“You just buy a piece of land and put a ramp, a hangar, a fuel tank and an office on it, and you have a little airport… which remains to this day, there are a lot of places where the sea planes have access to areas with no place to land on earth for different reasons.”

Applications for Gweduck include two main markets. One includes private buyers and the other includes government organizations.

The plane can go to very remote places. It can accommodate 2-3 people but also carry up to six passengers. It can carry up to 2,000 lbs. Many customers will use it for transportation to and from remote locations. The aircraft’s range is up to 2,000 miles, with limited additional charging. It is created with carbon fiber and other lightweight composite materials, which makes it corrosion resistant.

“Typically this would be used for something like a 300 mile trip with six people and some luggage and some supplies, and 300 miles back. You would take the fuel for the return trip with you as the fuel may not be available” he added.

Fellows noted that they had strong interest from government and government organizations in using the Gweduck for economic development and patrolling. Application examples would include tracking illegal fishing and could be used by an island nation with long coastlines and few airports. The Gweduck is economical and a base for the plane can be built in a fishing village. Other applications may include healthcare, transporting water filters for water projects, and transporting fisherman’s catch to airports for transport to other markets.

Fellows has a dynamic team, including an apprentice engineer, Mason Coffer. A recent graduate of Crook County High School, he was the captain of the robotics team.

“I heard about the company and this internship program,” Coffer said of the opportunity. “I was really excited about it, so I just showed up at the door with my resume in hand.”

It was six months before he started his internship, and he decided to stay local for his first two years of college. He is pursuing a degree in manufacturing engineering. Coffer loves this opportunity and learns a lot during his apprenticeship. He showed off a recent rendering project of a wing design that he collaborated with his team.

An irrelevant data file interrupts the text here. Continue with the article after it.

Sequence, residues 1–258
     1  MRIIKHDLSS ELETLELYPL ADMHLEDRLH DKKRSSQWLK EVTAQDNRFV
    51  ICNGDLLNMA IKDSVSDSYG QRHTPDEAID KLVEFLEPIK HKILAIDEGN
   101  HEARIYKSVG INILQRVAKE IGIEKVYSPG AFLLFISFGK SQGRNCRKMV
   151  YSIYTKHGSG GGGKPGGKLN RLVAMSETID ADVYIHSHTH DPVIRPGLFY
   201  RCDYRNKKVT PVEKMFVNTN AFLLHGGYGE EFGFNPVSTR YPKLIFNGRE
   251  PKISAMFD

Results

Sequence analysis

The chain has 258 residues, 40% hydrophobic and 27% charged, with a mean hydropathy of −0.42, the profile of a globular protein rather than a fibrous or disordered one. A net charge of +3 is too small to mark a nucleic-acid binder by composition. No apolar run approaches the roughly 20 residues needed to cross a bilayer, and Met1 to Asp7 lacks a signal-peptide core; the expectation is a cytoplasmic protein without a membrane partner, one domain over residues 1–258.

Coby Johnston, Store Manager for the production plant, has worked for Fellows for three years. He has a background in aeronautical engineering and manufacturing, with previous experience working for Lancair and Epic Air. He also worked for SeaSwirl, building boats. Johnston walked through the processes going on to assemble a kit plane.

CENTRAL OREGONIAN PHOTO BY RAMONA MCALLISTER - Mason Coffer, apprentice engineer at Composite Creations, displays a draft rendering of a wing design he collaborated with his team“The prototype is flying, and it’s our first,” Johnston explained of the current manufacturing process and the parts that are close to final modifications.

Robert Norris, an engineering technician, is the newest recruit at the workshop. He has a degree in mechanical engineering and has experience in aeronautics. He works both in the store and in the office.

Fellows also has Kiefer Dresser and Bridgette Hall, two COCC students studying to become commercial helicopter pilots, who work part-time in the shop with the manufacturing process. Work culture is something Fellows value, and respect is an integral part of the company’s values.

“Once you’ve built that culture, you want to preserve it, and that’s really a huge asset to a company,” Fellows concluded.

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Marjorie N. McClure